to my telescope tells you what the composition, the chemical composition of the air on another
world is. And it looks a little bit like you had an
apple and you took bites out of it. This I show you can say which molecules in
the air of a world that are really, really far away. Of course, we also have planets that don’t
have life, like Venus, and they have their own light fingerprint. So we know how life light fingerprint looks
like—that’s oxygen with a reducing gas like methane—and how other planets that
don’t have life look like. And so the spectral fingerprint of life for
our own planet is ozone with methane and water. And that’s what we’re trying to find on
other worlds. And the last tiny point that I wanted to make—life
of course doesn’t have be like you and me. Life can be very, very different. And then the planet would also appear very
different. If you think about a huge algae bloom, for
example, that could cover the whole world. It could be red or it could be yellow, it
could be any color you really want. And life could be very cute or this is a really
interesting extremophile. It’s called a water bear and it basically
survives anything. You can radiate it. You can even put it into space, they took
it space, opened the door, put it out without any protection. Three days later, they put it back in, put
a little bit of water on it and it was like dadadadada, it was fine. So this is probably really where astronauts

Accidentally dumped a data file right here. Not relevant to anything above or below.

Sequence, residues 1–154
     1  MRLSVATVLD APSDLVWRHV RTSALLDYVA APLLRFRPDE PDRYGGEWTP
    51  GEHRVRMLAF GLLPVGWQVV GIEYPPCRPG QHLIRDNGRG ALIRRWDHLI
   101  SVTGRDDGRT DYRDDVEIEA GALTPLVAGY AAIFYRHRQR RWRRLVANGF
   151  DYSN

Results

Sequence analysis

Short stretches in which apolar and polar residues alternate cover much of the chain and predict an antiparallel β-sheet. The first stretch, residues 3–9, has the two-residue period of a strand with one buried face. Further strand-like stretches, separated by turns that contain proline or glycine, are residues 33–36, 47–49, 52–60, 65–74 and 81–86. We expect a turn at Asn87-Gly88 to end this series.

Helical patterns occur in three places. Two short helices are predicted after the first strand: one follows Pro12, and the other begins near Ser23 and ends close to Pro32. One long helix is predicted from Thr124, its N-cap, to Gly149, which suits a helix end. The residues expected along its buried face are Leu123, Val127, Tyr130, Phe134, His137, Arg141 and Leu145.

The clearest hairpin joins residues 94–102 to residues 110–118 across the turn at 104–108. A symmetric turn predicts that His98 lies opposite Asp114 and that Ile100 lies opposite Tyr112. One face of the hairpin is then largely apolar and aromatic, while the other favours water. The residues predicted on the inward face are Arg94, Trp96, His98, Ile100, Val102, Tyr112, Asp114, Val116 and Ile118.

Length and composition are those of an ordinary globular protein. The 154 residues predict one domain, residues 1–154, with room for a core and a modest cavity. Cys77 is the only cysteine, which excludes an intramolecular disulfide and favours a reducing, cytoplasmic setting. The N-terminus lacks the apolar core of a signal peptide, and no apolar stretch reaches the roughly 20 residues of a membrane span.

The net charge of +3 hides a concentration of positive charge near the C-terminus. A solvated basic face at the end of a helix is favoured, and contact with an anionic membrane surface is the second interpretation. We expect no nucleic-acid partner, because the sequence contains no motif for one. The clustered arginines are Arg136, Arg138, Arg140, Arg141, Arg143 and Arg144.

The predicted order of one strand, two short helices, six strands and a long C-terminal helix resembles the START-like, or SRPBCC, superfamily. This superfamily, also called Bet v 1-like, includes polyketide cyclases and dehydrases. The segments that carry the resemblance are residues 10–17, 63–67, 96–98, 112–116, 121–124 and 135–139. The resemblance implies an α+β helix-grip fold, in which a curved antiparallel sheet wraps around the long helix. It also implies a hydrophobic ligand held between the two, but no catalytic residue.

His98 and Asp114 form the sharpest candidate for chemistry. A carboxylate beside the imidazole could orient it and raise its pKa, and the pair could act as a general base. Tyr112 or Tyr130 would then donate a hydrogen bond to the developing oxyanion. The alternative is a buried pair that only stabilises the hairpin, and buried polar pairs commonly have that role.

go in the future, something like this. Dehydrate them, get a little bit of water
on them. I actually gave a talk to about a hundred
astronauts. They did not like that joke at all. You find these extreme forms of life here
on our planet. For example, in Yellowstone, all these different
colors are different forms of life. And so we’re looking at that and we’re
making a color catalogue of life, of life that’s just not the flower you think of
or the tree, but different forms of life that can live in very, very different conditions. And this is just a sub-sample of the color
catalogue of life we assembled. And one of them is a coral that biofluorescences. So, why I want to bring that up is that, in
addition to these other Earths maybe not being a pale blue dot, but red blue dots and green